In a class at the University of Utah, I was also taught that the research shows that co-sleeping reduces the risk of SIDS because the mother's breathing helps regulate the infant's breathing and other bodily functions (Diamond, fall 2011). This certainly matches my personal experience, that co-sleeping is more safe and natural and is the preferred sleeping pattern around the world. A website,, written by a family of doctors, has a page that talks about co-sleeping. Dr Sears said that the risk of SIDS increases when infants sleep alone because their bodies have trouble regulating on their own. SIDS has often been called crib death because these infants were found dead in their cribs (

Further Recommendations

If you still worry about co-sleeping, there are still ways to be near your baby. At type co-sleeping in the search box. As you scroll to the bottom of that webpage, it shows a cute little bed that attaches securely and safely to the side of the adults bed, for those who don't feel secure with co-sleeping. It gives a link to the website that sells these within arms reach "cribs".

Diamond, L. M. (Fall, 2011). Psy 2800, Psychology of Love, University of Utah.

Sears, W., Sears, R., Sears, J., Sears, M. (2005). The baby sleep book: The
     complete guide to a good night's rest for the whole family (Sears parenting
     library). New York: NY: Little, Brown and Company, Hachette Book Group.
     Available in paperback and eBook Edition.

Blog Recommend Alert!

Planning Family Blog

If you still have questions unanswered then this blog is perfect for you!  It has been around for a long while and has extensive posts that will be helpful for you and your family.  At they have information on Preconception, Pregnancy, Newborn, Baby, Toddler, Parents, and even Free Baby Stuff!  I will answer a couple questions you may have about this site and then I urge you to check it out for yourself!

First: “Is this blog good for me, as a new parent?”

Yes! In skawering through this blog I’ve found that it is perfect for the needs of our own audience of new parents.  In their section labeled “NEWBORN” they have articles and videos of what you might need to know with having a newborn baby such as: Bringing your baby home, Feeding, Newborn Care, Depression, Circumcision, Baby Blues and Postpartum, Premature Babies. They also have sections on quizzes, recipes, checklists, and tools (example: Birth Announcements, Breastfeeding and Diaper Changing Log, ect.) Come and look through on your own:

Second: “Is what I’m reading reliable?”

Reliable information is hard to come by on internet sometimes! This is why we, UpAllNight, started our blog.  We’ve worked hard in providing reliable information from reliable sources.  With that said, it is still important for you, as a reader, to always double check your answers.  Since anyone can post things on the internet what you need to do is check if their article has “references” at the bottom of it.  References show you where the author got their information.  If the article doesn’t have references, don’t be distraught!  Just double check the information with your local pediatrician, with a quick call.  Planning  Family has many great articles, but if you have a question about what you’re reading don’t be afraid to double check your information.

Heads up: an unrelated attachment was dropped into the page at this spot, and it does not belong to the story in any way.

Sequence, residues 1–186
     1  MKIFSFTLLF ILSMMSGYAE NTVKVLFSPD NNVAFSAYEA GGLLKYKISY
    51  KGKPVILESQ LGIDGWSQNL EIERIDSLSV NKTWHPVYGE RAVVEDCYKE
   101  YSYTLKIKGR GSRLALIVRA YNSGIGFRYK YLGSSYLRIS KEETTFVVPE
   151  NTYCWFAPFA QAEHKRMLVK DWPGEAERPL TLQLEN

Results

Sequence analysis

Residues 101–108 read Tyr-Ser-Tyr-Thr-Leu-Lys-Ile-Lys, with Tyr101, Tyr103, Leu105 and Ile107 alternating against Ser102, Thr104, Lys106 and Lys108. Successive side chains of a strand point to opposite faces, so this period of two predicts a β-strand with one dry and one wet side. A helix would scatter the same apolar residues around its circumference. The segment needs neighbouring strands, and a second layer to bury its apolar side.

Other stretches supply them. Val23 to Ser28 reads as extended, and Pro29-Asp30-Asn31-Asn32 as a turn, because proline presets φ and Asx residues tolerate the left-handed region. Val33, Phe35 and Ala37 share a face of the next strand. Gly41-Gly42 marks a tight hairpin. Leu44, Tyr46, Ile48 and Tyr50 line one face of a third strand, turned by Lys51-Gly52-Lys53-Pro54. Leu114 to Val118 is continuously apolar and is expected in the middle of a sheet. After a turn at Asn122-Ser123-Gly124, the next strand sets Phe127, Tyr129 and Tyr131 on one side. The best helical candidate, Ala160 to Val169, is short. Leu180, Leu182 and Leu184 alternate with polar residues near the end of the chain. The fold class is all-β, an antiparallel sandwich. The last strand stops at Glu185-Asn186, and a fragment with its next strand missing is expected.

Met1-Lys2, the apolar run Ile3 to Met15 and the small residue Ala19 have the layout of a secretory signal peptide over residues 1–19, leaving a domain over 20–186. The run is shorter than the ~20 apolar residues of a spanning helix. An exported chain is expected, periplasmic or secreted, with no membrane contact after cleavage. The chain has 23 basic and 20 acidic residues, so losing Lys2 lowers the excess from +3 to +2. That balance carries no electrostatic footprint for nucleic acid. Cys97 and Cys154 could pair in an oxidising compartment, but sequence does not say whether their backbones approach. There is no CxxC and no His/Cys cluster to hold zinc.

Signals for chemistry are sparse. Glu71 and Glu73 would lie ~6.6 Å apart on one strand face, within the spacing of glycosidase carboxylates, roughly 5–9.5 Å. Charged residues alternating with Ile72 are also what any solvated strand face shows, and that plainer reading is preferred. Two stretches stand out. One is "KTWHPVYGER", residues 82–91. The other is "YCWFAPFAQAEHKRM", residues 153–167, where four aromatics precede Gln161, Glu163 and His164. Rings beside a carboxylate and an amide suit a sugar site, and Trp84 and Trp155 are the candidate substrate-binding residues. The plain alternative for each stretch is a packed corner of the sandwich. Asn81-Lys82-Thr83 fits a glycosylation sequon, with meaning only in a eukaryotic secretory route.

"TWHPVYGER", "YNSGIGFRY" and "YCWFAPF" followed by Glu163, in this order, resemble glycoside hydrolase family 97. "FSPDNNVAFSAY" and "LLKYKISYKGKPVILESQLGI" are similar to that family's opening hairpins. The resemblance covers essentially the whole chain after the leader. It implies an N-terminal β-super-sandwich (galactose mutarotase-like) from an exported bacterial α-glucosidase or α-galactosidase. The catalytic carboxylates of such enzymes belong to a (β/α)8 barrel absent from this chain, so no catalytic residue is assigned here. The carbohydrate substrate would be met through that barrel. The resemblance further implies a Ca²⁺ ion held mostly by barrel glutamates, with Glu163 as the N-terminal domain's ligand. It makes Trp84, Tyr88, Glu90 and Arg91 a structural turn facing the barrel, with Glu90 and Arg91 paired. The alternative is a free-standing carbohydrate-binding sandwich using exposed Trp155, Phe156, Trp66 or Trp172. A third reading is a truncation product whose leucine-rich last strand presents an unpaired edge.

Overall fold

Remember: Planning Family offers general information and is for educational purposes only. This information is not a substitute for professional medical, psychiatric or psychological advice.  Nothing on this website should be taken to imply an endorsement of Planning Family or its partners by any person quoted or mentioned.

Third: “Will I be able to apply what Planning Family in my own life?”

Lucky for you, this blog has hundreds and hundreds of articles!  Since this blog was made to educate their reader, it not hard to find what you are looking for.  You may go looking for one specific question and come out with an answer to that question along with other ideas that you hadn’t thought of before.

Fourth: “Is it an easy read?”

Everybody likes easy reads, don’t they?  The nice thing about this website is it gives you the information, without you needing to go hunting for it.  For example, if you have a question on feeding your newborn you go to the section on “feeding” and click on the article that best describes your question.  There isn’t a lot of “fluff” so they give you the information without you needing to hunt for it.

Last question: “What do you think about this blog, Chelsey?”

I’ve loved exploring this blog!  It has A LOT of information, which is very comforting to you as a reader.  I’ve loved how well established this blog and updated the information provided is.  I would recommend it to anyone!  But REMEMBER, check your resources and call your pediatrician if you have any questions and as always, don’t settle on one article or blog to answer your questions!